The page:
Each afternoon, after Betty has done her obligatory nagging for treats, and offered a few tantalising words about what she's done at school during the day, she tells me about her latest marriage proposals.
"Billy has hurt my feelings and says he wants to marry Chloe. But anyway, Jack says he will marry me now. But Lucy says she won't be my bridesmaid, because I won't play horses with her."
And: "Robert says he won't marry me now, because he hates you, because you are always buying vacuum cleaners."
(I actually think Robert has a point – the vacuum cleaner situation in our house is a bit out of control, with one residing in a corner of almost every room in the house. In fact, they are such a dominant force that poor Betty recently had a nightmare about being chased around the house by a hoover.)
Anyway Betty talks in such detail about these conversations about weddings and babies that I wonder if they ever talk about standard five-year-old stuff like their favourite sweets, or who can pick the biggest bogey.
In fact it's got to the stage where I'm growing weary of hearing about marriage, and how many babies she and her classmates plan to have between them.
But sadly, if I don't embrace the marriage talk with Betty then there would be complete silence, so I go along with it. And it seems little Jack is now the boy of the moment – in the last week, he is all Betty has talked about.
Yesterday things went onto a whole new level when Betty told me that she and Jack planned to run away to London together (that night), and live in a pink house, with an amazing garden and a huge swimming pool with loads of rubber rings in it.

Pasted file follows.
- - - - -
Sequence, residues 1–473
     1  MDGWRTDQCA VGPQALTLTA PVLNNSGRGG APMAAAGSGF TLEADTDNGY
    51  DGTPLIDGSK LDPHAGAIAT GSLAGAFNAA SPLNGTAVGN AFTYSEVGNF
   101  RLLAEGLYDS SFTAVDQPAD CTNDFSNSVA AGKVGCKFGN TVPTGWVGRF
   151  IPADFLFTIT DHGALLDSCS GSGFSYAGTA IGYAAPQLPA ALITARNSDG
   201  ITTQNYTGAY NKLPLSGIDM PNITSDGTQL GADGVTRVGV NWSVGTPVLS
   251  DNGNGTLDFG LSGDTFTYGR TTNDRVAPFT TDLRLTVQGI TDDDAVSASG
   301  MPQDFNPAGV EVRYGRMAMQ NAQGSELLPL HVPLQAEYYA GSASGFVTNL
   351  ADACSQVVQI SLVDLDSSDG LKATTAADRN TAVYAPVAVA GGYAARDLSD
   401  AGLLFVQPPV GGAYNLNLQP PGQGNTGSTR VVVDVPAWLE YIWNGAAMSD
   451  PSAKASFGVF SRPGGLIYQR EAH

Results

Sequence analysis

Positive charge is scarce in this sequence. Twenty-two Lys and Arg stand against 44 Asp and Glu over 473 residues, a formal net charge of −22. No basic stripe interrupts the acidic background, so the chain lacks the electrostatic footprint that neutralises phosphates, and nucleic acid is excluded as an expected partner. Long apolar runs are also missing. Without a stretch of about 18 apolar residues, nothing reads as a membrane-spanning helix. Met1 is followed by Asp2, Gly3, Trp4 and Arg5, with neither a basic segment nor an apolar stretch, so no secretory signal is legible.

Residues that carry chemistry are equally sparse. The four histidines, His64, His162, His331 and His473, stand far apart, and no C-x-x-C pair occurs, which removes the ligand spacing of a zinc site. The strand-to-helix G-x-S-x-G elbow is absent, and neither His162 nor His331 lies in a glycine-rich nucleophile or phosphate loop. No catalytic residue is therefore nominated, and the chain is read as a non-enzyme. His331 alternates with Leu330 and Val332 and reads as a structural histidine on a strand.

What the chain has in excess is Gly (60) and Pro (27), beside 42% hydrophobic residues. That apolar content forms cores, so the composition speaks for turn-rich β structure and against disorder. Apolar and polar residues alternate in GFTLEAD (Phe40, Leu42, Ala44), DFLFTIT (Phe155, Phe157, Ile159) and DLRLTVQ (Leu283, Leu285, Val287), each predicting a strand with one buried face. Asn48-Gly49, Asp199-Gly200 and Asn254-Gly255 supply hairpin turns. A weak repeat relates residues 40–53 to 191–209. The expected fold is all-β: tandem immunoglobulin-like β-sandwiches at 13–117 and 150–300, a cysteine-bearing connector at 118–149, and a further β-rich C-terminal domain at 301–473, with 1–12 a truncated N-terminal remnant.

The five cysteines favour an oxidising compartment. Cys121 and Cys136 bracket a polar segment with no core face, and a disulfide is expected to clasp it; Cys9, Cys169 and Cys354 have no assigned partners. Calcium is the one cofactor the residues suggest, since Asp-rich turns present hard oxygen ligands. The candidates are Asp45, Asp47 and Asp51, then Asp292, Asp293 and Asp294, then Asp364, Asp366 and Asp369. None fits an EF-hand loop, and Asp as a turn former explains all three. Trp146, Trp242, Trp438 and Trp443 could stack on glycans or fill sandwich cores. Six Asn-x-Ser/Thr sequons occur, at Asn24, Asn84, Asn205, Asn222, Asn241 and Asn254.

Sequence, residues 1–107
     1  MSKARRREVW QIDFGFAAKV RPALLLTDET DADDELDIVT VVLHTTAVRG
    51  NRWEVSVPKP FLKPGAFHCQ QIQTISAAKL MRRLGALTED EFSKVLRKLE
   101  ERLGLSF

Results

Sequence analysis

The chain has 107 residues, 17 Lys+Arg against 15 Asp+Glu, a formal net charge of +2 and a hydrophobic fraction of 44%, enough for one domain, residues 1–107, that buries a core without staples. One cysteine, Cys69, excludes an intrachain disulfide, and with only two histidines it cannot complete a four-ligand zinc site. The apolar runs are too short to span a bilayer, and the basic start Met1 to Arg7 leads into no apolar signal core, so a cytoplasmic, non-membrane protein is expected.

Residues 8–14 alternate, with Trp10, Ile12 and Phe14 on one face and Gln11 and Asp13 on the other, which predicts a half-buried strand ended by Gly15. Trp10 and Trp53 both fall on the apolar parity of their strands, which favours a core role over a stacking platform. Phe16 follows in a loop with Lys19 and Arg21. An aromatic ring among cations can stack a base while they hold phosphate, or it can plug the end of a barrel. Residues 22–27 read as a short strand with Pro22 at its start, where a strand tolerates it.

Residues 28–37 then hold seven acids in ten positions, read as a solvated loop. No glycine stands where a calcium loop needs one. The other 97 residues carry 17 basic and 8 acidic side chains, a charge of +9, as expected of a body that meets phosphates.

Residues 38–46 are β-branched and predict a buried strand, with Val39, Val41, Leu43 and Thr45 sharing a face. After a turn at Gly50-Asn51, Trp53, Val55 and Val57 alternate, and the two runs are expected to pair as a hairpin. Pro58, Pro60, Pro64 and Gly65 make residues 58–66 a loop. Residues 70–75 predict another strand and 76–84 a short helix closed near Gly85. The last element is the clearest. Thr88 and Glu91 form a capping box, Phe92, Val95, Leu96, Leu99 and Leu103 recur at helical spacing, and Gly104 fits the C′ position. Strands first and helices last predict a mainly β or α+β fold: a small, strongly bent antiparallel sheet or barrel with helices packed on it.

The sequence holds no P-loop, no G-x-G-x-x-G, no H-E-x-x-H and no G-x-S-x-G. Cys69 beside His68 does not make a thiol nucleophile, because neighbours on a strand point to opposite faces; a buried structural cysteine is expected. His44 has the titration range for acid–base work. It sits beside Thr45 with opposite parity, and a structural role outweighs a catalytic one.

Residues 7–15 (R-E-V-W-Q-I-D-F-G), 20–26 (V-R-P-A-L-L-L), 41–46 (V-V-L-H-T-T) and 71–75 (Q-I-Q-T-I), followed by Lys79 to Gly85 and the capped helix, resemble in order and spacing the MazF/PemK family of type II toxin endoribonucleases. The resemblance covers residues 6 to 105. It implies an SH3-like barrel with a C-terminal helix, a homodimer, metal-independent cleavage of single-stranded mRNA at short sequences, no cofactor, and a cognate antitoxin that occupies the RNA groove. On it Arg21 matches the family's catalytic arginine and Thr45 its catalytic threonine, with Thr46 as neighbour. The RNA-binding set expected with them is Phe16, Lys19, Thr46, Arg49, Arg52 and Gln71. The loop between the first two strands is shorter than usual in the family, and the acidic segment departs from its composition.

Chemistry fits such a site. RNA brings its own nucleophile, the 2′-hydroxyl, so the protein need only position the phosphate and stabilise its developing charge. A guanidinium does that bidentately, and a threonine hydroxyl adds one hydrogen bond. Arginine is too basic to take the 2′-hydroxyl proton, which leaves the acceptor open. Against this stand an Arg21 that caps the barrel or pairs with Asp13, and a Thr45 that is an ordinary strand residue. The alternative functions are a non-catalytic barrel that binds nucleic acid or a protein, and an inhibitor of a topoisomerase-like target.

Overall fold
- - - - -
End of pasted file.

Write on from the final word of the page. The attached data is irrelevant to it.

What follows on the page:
The next day, armed with the perfect excuse of chatting to Jack's very cool mum and perhaps inviting her over for coffee, I cornered her in the cloakroom. Ignoring any small talk, I cut straight to the subject of our children's plans of a future in London. "Our two seem to have such a close friendship, it's just lovely," I gushed.
However, just as I was about to explore the idea of a civil ceremony for our children, she told me in no uncertain terms that Jack was very worried by Betty's constant talk of marriage. "He doesn't want to live in a house with Betty," said Jack's mum. "He just wants to stay at home with his mum and dad."
Seeing my face turn a deep shade of crimson, Betty then bellowed: "What's wrong with your face mummy?"
I leant down to Betty and, through clenched teeth, told her that when she got home that afternoon I didn't want to hear about weddings and London, I wanted to hear about reading and conkers and bogeys.
So, not only did my budding friendship with Jack's mum take a step in the wrong direction (although I am convinced we will laugh about all this in years to come, as we gaze adoringly at our grandchildren), I am left confused about what on earth has given Betty this obsession, and also paranoid about how keen she is to leave home. I thought we'd have at least a couple more years before we had to start worrying about that.